The capital of Colombia is the cosmopolitan heart of the country, where cobbled backstreets meet towering feats of contemporary architecture. Bogota is a densely populated urban sprawl nestled amongst some of the most impressive mountain ranges in the world and boasting a deeply embedded and fascinating culture.
Modern Bogota is known for its rich cultural heritage, fantastic culinary scene and burgeoning arts districts. Creativity and passion run through the veins of this city and make it a truly liberating destination to visit. At night, Bogota continues to impress with a lively and thriving gay nightlife industry that has something for every taste.
The gay scene in Bogota is largely focused around the upmarket and recently regenerated area of Chapinero. The district is home to more than 100 gay bars, clubs and shops and evidence of the city’s vibrant LGBT+ community can be seen throughout. Bogota is becoming increasingly known as a hub of gay culture and community in South America and gay travelers are flocking to experience all that this unique and diverse city has to offer.
Situated in an old movie theater in the heart of gay Chapinero, Theatron is a gay mega-complex, featuring a nightclub and bar. Theatron is often referred to as “the largest gay club in South America”, and with 5 floors and 13 themed rooms, this title is well deserved. Each room in Theatron is themed around a different music genre or era, meaning there’s a clubbing experience for every gay traveler at this venue. The club is one of the most popular in Bogota and attracts over 8,000 patrons every Saturday night.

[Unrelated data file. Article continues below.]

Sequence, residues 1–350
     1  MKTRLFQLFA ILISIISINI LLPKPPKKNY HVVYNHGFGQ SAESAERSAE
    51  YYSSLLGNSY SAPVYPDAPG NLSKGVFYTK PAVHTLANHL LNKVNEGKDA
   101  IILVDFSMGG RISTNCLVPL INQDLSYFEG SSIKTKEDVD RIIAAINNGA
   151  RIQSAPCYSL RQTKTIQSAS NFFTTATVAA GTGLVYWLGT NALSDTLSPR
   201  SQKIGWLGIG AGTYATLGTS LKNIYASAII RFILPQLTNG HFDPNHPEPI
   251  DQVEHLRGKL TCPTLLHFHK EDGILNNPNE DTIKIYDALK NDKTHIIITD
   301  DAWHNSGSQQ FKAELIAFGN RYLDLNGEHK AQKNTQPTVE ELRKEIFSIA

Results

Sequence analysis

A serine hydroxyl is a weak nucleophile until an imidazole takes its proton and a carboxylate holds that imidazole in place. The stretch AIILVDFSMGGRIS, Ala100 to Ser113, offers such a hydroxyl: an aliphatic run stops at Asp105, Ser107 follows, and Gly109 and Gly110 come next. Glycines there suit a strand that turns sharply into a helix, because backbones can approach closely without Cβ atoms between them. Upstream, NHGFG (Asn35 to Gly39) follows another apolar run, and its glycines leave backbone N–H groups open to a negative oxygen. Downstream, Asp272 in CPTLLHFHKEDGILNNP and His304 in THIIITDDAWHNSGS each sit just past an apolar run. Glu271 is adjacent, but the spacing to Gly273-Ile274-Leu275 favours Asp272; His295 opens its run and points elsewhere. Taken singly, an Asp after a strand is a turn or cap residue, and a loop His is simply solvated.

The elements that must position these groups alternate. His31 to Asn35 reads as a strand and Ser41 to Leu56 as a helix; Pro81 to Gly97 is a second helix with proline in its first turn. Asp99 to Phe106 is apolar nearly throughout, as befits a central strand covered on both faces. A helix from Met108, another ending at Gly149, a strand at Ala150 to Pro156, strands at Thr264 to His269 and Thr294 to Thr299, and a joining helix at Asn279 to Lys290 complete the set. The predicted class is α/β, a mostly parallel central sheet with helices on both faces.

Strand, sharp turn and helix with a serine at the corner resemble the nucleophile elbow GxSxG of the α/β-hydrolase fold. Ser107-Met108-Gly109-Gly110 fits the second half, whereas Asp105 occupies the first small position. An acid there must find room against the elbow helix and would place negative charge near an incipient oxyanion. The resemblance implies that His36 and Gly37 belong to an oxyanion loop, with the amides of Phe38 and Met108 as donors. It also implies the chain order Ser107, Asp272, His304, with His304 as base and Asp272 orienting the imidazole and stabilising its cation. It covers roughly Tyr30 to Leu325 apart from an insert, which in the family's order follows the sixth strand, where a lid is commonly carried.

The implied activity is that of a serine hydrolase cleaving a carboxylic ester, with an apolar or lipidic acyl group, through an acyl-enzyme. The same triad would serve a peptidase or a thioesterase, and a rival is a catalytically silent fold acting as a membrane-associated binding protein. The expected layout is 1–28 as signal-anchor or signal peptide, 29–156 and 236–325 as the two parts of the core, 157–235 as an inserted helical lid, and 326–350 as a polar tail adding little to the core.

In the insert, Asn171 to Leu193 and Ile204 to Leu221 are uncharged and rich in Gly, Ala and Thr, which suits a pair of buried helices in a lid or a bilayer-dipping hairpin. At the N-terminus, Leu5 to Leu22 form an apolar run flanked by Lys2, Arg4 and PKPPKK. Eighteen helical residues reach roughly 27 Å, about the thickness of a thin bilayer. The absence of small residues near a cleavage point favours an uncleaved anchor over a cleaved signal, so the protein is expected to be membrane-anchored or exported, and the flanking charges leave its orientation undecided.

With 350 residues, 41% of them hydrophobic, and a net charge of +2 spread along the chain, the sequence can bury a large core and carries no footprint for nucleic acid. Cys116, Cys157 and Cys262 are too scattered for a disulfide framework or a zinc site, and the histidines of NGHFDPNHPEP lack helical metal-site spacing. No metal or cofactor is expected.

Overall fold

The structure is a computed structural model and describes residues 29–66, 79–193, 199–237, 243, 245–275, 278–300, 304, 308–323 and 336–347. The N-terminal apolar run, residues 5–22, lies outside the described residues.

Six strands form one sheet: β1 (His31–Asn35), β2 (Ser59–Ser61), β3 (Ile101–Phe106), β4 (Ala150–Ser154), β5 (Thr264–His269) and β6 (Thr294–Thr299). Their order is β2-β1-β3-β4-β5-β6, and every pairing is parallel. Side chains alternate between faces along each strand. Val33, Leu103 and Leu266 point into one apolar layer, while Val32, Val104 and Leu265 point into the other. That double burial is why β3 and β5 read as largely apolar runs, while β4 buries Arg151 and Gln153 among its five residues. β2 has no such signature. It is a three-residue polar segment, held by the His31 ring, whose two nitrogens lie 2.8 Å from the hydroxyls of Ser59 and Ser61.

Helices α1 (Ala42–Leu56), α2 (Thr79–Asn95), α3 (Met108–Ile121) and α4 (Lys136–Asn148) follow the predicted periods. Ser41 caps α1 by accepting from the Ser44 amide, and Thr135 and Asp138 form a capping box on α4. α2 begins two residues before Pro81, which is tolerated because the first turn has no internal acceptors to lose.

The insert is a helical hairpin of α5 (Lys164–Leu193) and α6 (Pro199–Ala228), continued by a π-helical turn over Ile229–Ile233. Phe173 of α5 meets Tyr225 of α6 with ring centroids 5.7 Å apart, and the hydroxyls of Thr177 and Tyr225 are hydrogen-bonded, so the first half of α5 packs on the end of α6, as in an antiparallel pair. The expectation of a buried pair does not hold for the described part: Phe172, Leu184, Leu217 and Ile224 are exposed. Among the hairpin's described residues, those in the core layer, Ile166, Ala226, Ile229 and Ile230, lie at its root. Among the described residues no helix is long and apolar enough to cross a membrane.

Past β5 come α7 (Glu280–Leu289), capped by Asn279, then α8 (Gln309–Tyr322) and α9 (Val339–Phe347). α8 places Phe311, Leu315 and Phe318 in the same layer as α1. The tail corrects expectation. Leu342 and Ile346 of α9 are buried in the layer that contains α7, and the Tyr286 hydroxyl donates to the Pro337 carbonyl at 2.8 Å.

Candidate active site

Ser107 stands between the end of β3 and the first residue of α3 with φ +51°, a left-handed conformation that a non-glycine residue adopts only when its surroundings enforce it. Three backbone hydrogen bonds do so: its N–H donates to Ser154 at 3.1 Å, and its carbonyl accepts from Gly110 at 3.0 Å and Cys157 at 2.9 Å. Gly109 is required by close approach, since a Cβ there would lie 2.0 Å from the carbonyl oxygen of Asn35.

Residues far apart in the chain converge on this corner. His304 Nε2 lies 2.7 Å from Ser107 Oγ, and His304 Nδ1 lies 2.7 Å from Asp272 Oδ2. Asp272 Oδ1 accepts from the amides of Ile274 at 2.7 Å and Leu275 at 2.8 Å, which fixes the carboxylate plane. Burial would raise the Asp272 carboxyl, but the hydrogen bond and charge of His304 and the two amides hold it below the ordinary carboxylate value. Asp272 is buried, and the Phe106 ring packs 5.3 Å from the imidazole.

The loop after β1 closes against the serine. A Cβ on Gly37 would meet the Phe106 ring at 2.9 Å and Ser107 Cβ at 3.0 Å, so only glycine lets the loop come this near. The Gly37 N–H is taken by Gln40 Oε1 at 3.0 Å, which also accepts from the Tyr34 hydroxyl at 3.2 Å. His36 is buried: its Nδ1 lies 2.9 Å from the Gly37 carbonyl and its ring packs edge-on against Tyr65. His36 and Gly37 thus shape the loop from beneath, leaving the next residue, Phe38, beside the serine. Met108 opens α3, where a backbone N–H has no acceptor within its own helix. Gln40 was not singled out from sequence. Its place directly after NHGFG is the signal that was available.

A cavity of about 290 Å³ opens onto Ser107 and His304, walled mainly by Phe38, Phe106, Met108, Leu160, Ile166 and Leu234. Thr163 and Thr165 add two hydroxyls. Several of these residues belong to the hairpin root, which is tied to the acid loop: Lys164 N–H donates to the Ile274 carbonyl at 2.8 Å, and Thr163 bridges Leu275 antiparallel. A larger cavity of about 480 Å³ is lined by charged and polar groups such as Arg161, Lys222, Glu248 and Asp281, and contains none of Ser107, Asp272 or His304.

Boogaloo club is a former blues bar turned gay nightlife hotspot. The club is popular amongst the city’s younger gay population who are drawn to the venue partly because of its reputation as the coolest gay club in Bogota. The industrial interior design and roster of famous live DJs have earned Boogaloo cult status amongst the trendsetters of the city’s gay scene. Boasting a large and diverse crowd, Boogaloo is an unmissable destination on a trip to Bogota.
A favorite early evening hangout amongst the gay community in the city, Color House Cafe Bar opened in 2008 and has been a staple of the gay scene in Bogota ever since. The vibrant decor, amazing drink deals and casual atmosphere make Color House the perfect place to warm up before heading to some of Chapinero’s bigger gay clubs. The bar is just a short walk from Theatron and draws impressive crowds on weekends.
Most gay travelers choose to stay in the affluent El Retiro neighbourhood or Chapinero. Both districts provide travelers with a plethora of hotel and accommodation choices as well as quick and convenient access to the city’s most popular gay bars and clubs. Hotels in these areas are also more likely to be gay-friendly and gay travelers should be able to enjoy a stress-free stay.
Recently refurbished and proving stylish 4-star accommodation, the Hilton Bogota is located just five minutes from the gay district of Chapinero and boasts an impressive selection of amenities including an outdoor pool, gym, restaurant and lounge area. The rooms at the Hilton are complete with comfortable and elegant furniture and guests are treated to unparalleled views across the Bogota skyline. Many of the city’s most significant and popular attractions are located within walking distance from the hotel, including the National Pedagogic University.
The Sofitel was Colombia’s first luxury hotel and is situated in the up-market El Retiro neighbourhood of Bogota. The building was designed by world-renowned architect Miguel Soto, and the rooms are individually finished with decorative accessories and furniture from the likes of Hermes and Lavin. The on-site dining options available in The Sofitel include a french bistro-style restaurant and a casual lounge bar, in addition, many of the city’s best gay nightlife venues are located within short walking distance.